The Glienicke Bridge is one of the less spectacular bridges that connect Berlin and Potsdam. It stretches across the river Havel and wouldn’t be worth a specific mention if it wasn’t the place of the spy swaps during the Cold War.
A first, narrow wooden bridge was built in this location towards the end of the 17th century. This bridge was exclusively for the use of the royals as a connection between their castles in Potsdam and their hunting grounds on the other side of the river.
The bride was opened for stagecoaches in 1754 as this was the only way to ensure a constant flow of mail between the cities. The increase in traffic called for a new bridge, one that had guard houses at both ends. Many coachmen, however, just ignored the checkpoints and so a barrier was added to the bridge.
In 1831 construction began on the new stone bridge, designed by Karl Friedrich Schinkel. It was a drawbridge without any guard houses.
But this drawbridge, too, had to be replaced by a taller and more stable bridge to serve the requirements that the constantly modernising means of transportation posed. A steel beam construction took its place in 1907 and was named Kaiser-Wilhelm-Brücke (Emperor Wilhelm Bridge). The name never caught on. One of Potsdam’s tram lines crossed the bridge until 1916.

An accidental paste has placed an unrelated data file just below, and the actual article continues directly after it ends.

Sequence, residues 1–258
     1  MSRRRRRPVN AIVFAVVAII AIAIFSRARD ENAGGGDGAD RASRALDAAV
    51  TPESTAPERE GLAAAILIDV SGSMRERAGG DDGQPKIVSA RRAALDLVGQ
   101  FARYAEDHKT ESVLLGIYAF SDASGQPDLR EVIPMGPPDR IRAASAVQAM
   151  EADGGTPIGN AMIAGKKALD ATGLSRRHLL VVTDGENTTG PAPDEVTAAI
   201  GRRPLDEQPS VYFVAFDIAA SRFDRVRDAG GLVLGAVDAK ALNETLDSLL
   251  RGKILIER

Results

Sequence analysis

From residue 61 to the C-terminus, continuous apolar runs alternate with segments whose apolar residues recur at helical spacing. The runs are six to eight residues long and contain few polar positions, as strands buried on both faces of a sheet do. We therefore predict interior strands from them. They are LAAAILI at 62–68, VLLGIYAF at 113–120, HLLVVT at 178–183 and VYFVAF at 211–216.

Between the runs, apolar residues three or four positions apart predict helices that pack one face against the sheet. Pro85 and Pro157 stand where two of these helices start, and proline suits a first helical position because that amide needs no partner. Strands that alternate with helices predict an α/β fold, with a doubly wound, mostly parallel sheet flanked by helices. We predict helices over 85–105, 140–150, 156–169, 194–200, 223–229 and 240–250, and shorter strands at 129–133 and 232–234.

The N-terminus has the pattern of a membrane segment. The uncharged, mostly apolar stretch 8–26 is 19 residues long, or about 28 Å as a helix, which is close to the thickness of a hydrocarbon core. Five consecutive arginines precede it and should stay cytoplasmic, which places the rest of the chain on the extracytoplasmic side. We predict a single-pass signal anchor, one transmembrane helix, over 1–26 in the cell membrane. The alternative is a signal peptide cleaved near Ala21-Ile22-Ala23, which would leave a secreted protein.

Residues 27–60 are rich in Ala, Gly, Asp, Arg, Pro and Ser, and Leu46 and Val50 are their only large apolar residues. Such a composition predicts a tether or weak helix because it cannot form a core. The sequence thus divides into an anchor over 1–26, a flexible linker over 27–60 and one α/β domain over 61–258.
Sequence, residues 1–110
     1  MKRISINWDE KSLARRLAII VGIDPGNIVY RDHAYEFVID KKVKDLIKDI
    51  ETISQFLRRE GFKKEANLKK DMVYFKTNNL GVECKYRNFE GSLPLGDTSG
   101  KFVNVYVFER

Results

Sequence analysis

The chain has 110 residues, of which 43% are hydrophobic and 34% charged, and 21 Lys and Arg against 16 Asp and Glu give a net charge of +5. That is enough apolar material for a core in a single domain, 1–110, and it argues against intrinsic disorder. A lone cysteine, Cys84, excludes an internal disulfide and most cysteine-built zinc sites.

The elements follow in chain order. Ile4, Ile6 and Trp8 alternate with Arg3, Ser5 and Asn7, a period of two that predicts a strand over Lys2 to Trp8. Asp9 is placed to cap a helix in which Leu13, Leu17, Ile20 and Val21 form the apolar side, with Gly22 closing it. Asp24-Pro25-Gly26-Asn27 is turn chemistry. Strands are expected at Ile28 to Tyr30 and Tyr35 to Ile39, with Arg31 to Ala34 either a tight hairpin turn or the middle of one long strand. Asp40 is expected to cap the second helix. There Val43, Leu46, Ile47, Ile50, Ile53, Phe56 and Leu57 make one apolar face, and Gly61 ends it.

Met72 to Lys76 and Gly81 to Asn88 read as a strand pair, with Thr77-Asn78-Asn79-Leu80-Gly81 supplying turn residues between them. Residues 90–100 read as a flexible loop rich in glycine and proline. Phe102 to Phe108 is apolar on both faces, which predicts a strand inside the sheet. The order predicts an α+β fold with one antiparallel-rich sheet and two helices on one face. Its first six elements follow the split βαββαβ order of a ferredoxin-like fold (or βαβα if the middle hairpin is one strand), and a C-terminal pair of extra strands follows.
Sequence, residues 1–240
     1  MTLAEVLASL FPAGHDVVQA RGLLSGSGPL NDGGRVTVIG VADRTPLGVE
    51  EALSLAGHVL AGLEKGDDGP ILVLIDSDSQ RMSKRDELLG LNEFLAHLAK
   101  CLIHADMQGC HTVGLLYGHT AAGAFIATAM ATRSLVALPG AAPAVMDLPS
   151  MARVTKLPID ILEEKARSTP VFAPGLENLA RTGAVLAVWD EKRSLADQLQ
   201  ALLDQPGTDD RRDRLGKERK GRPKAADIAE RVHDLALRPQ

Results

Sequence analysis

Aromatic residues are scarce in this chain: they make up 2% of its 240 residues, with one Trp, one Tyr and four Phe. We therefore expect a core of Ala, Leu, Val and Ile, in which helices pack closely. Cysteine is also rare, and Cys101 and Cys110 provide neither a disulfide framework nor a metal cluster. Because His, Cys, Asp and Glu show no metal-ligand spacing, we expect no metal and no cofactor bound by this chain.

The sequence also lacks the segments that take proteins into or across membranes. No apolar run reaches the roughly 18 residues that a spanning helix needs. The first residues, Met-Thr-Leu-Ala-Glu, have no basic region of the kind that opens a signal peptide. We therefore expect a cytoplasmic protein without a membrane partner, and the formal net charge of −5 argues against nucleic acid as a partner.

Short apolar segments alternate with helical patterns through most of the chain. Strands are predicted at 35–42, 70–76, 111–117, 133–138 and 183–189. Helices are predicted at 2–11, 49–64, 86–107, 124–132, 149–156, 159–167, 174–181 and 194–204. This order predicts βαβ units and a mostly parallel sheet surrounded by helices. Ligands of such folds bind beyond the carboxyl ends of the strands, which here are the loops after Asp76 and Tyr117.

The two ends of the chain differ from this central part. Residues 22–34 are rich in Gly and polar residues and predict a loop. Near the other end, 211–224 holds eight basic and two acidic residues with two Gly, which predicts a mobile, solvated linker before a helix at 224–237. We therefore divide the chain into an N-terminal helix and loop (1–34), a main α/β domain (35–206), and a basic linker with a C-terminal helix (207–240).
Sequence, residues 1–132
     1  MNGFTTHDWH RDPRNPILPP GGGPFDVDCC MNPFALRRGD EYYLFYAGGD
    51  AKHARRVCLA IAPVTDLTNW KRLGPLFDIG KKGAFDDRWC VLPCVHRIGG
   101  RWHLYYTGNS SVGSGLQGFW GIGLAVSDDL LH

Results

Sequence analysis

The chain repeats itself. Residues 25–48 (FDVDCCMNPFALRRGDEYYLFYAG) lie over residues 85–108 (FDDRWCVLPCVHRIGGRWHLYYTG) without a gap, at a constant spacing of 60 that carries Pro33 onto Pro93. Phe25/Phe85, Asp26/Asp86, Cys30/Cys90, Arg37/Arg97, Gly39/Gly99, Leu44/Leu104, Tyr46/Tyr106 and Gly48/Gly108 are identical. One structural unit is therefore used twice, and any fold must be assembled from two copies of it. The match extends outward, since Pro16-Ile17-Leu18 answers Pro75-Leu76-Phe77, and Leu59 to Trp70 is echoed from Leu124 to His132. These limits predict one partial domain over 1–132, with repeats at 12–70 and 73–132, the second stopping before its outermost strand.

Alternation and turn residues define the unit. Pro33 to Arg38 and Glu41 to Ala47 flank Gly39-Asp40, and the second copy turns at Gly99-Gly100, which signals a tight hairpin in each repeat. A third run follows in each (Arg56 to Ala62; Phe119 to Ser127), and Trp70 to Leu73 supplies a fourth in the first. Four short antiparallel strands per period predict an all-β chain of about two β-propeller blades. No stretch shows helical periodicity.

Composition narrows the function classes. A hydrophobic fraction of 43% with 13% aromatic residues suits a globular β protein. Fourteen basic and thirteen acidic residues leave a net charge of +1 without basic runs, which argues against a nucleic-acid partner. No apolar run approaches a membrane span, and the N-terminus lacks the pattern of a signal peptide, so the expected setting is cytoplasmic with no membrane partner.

The road across the bridge was expanded to four lanes in 1937. The bridge was made 4.5 meters wider and quickly became one of the most frequented bridges in Germany. The bridge was destroyed in a battle between the German Wehrmacht and the Red Army in April 1945.
A provisional, wooden bridge was placed in its spot until reconstruction started in 1947. The collapsed steel beams were brought back to the surface from the bottom of the river and the surviving pieces were placed back into their original spots in the construction. It was inaugurated in 1949 with high ranking GDR officials present. They gave it the name Bridge of Unity (Brücke der Einheit). A white line right in the middle of the bridge marked the border between the GDR and West-Berlin.
The bridge was closed to private cars in 1952. Only military vehicles and pedestrians with special authorisation papers were allowed to cross the Havel via the bridge.
Between 1962 and 1986 Glienicke Bridge became the scene of some high stakes spy swaps that stirred international interest. The bridge was chosen because all role players had easy access and because the surrounding areas could be secured perfectly. In three different operations, 40 people were swapped on the bridge.
3 people pulled off a spectacular escape via the bridge on board of a lorry in 1988.
Finally, on the 10th of November 1989, the bridge was re-opened for everyone, including traffic on the road across the bridge, which is now A-road 1. Only a metal strip on the sidewalk remains to remind people of the German division.